Are there different types of dental bridges?
Yes. Dental bridges can be placed on natural teeth, as well as on implants. Most bridges are created by reducing tooth structure on the teeth on either side of a missing tooth. Crowns are then fused together and are placed over the two reduced teeth, with a false crown replacing the missing tooth. Crowns on front teeth can be performed with little to no tooth reduction. Generally, bridges are placed for those patients who do not want an implant.
Basic Bridge: Dr. Seddon and Dr. Dhillon will give anaesthetic to freeze the teeth and gums. They will then prepare the teeth on either side of the space for the false tooth to accommodate for the thickness of the bridge. When these teeth already have fillings, part of the filling may be left in place to help as a foundation for the crown. New fillings may also be added to make the supporting teeth even stronger. An impression is taken, which will serve as the model from which the bridge, false tooth, and crowns will be made by a dental laboratory. A temporary bridge will be placed for you to wear while your bridge is being made, usually for 2 weeks. This temporary bridge will serve to protect your teeth and gums.
At your second appointment, the temporary bridge will be removed. Your new permanent bridge will be fitted and checked and adjusted to fit your mouth. Your new bridge will then be bonded to your teeth.
Flipper Appliance: A Flipper is a false tooth that temporarily takes the place of a missing tooth. This device can be attached by either a wire or a plastic piece that fits in the roof of your mouth. Flippers are meant to be a temporary solution while awaiting the permanent bridge or implant. They are generally placed on front teeth.
Maryland Bridge: This bridge is designed for front teeth. Rather than trim the neighbouring teeth, this treatment allows for patients to have a false tooth, with attachment wings, bonded to the inside of healthy support teeth. This treatment is seen as a ‘long-term temporary’ bridge, meaning it can last a long while, but should ideally be replaced with an implant or permanent bridge.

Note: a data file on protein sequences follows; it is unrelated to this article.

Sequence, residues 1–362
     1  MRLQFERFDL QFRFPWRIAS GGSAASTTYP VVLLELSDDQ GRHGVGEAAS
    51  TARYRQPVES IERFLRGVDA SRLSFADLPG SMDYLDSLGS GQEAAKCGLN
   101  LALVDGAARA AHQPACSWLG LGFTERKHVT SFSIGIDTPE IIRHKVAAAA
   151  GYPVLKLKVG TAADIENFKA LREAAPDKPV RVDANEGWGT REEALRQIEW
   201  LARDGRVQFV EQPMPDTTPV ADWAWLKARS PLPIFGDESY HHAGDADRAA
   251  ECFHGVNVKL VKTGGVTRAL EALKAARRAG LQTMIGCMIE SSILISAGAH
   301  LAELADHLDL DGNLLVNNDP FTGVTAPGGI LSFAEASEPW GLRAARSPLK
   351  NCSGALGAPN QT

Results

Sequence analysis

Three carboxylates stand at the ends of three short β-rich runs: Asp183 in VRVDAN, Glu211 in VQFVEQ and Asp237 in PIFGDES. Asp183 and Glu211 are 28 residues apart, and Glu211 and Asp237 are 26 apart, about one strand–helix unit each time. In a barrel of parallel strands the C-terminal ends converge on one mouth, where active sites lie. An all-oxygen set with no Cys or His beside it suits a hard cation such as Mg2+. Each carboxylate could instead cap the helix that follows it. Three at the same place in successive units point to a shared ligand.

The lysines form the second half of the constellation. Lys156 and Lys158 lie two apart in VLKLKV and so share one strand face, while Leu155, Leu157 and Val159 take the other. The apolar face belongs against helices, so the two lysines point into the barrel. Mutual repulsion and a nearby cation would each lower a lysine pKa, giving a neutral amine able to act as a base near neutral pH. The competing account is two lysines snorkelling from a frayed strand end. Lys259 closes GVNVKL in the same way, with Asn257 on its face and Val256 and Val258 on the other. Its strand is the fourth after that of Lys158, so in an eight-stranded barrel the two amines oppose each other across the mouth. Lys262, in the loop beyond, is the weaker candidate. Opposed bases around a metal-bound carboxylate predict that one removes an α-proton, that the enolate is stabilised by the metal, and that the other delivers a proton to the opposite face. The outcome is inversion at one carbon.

Implant Bridge: Much like basic bridges, these fused crowns are supported by two implants, rather than natural teeth. This treatment is great for those who have three or more missing teeth, side by side. Once implants are placed and tissues have healed, an impression is taken. Two weeks later the permanent bridge can be bonded into the mouth. With implant bridges on the back teeth, temporary bridges are not generally created, as there will be no sensitivity.
What are the benefits to bridges?
Dental bridges can be placed on front teeth, and back teeth. They can improve appearance and confidence by masking spaces in the smile. In addition, bridges help to maintain bite function and maintain the relationship of the teeth for patients who are considering implants in the future.
Are there any risks to this treatment?
Risks include trauma and/or decay to the support teeth, gum disease if not cleaned properly, food impaction underneath the false tooth, long-term bone loss under the false tooth, and possible chipping/wear to bridge over time.
Am I a candidate?
Candidates for dental bridges are those who have missing teeth, have healthy teeth next to spaces, or are worried about teeth moving out of place. Schedule an appointment with Dr. Seddon or Dr. Dhillon to see whether a bridge is the right treatment for you.
How do I clean and care for a bridge?
Those who have dental bridges can brush and floss. Flossing involves threading a piece of floss underneath the false tooth in order to clean the supporting teeth (flossing between the teeth won’t be possible). Mouth rinses and water picks are also suggested to help clean the area below the false tooth.